NEGOTIATIONS on near trillion euro EU-wide budget for the next seven years are expected to be completed by the end of the Irish presidency next month - despite the European Parliament rejecting an earlier version, Tanaiste Eamon Gilmore has said.
Mr Gilmore, lead negotiator, said a formal meeting to discuss issues surrounding the so-called multi-annual financial framework 2014 to 2020 will take place next week with the European Parliament and subsequently with European finance ministers.
It followed crunch talks in Brussels last night between Taoiseach Enda Kenny, Mr Gilmore, European Commission president Jose Manuel Barroso and European Parliament president Martin Schultz.
Officials hoped to reach an accord with the European Parliament on the crucial piece of legislation unlocking billions of euro in funds to EU states before the end of June when Ireland's term as holder of the EU presidency ends.
In February, European leaders finally agreed a budget deal for the rest of the decade after a marathon 25-and-a-half hour negotiation session in Brussels which was expected to lead to the first cut in EU spending in its 56-year history.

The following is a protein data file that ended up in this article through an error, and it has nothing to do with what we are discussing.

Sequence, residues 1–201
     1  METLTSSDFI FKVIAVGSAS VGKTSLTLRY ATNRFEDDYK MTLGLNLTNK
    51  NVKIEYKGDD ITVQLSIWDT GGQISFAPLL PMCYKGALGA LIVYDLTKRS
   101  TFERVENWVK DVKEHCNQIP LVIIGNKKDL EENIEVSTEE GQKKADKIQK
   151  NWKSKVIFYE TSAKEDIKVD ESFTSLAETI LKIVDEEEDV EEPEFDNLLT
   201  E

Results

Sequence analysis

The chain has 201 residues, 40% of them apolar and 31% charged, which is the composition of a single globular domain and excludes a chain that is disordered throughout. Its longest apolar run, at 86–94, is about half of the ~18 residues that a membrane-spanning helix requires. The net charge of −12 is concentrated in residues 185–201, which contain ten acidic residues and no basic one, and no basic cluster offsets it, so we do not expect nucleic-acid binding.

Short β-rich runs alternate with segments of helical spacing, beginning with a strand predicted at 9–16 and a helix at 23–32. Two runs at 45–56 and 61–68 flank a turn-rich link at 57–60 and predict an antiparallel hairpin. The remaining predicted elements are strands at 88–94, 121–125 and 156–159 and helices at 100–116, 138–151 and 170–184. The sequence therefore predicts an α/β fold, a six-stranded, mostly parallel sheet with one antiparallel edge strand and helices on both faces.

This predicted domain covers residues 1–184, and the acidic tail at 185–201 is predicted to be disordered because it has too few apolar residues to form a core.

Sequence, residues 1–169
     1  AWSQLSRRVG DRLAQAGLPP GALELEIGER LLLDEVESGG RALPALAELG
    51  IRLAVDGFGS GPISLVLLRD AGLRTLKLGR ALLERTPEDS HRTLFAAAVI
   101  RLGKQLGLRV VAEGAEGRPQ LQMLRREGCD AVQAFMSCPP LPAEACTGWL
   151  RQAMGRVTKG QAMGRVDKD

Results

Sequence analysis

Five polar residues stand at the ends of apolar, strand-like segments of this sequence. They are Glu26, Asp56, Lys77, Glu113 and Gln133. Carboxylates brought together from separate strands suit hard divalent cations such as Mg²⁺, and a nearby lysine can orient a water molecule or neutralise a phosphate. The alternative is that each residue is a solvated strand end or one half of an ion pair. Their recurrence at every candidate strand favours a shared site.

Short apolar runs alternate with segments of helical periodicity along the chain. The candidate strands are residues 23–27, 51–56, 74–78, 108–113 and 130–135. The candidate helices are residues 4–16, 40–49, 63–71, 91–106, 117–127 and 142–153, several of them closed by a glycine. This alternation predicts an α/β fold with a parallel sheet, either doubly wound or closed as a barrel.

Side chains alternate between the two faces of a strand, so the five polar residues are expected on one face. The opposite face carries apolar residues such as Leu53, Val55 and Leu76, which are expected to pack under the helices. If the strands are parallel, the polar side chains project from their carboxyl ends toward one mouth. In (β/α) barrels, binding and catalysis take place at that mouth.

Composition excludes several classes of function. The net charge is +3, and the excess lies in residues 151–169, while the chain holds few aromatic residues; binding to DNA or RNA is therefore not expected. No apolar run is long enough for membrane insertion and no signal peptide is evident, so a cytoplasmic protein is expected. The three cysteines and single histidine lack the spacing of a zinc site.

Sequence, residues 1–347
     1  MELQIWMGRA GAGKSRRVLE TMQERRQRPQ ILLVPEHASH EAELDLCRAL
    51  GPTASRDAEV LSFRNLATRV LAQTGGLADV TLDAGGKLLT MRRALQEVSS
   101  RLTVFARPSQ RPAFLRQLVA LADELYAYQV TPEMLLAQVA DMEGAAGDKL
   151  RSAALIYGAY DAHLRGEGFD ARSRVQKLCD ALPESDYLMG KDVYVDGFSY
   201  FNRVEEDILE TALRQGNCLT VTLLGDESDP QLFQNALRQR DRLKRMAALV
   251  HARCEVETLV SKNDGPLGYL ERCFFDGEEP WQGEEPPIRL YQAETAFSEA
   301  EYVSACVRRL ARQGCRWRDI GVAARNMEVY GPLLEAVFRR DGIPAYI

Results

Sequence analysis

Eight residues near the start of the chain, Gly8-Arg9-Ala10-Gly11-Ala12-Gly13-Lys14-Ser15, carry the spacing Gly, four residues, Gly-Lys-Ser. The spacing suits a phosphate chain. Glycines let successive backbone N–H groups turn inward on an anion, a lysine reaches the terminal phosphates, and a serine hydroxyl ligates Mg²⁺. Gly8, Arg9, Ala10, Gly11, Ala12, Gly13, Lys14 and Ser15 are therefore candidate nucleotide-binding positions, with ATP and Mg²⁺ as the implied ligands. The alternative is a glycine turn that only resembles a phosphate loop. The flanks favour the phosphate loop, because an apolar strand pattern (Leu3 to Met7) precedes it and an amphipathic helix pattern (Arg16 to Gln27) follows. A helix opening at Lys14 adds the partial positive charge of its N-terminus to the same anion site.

But the parliament, which must vote on the near trillion euro package, rejected it in March amid various concerns.
Mr Gilmore said the Irish played an active role in putting forward proposals to break the deadlock and start formal talks with the Parliament.
“It’s a very large sum of money. €960bn up to 2020," Mr Gilmore said.
"There’s a lot of people in Europe who are awaiting the outcome of that budget to support infrastructure programmes in their own country, research and innovation that is so needed to make Europe competitive, the com agricultural policy, All of the social programmes in Europe including the budget for youth unemployment. All of these are dependent on agreement being reached on the European budget."
European Council president Herman Van Rompuy clinched the Multi-annual Financial Framework (MFF) for a near one trillion euro budget after proposing a €34.4 billion cut over the next seven years.
The European parliament did not challenge the overall spending limit agreed by governments, but did insist on a legal review of the budget deal after EU elections in 2014, which could reverse the cuts if Europe's economy improved.
Members also called for "maximum flexibility" in shifting unspent funds from one priority to another, and from one year to the next. MEPs also have concerns about the shortfalls in the 2013 budget and said they would not open negotiations on the MFF unless the commission put forward an amended budget for 2013.
Mr Gilmore has said agreement on the MFF would be a significant boost of confidence in the EU institutions.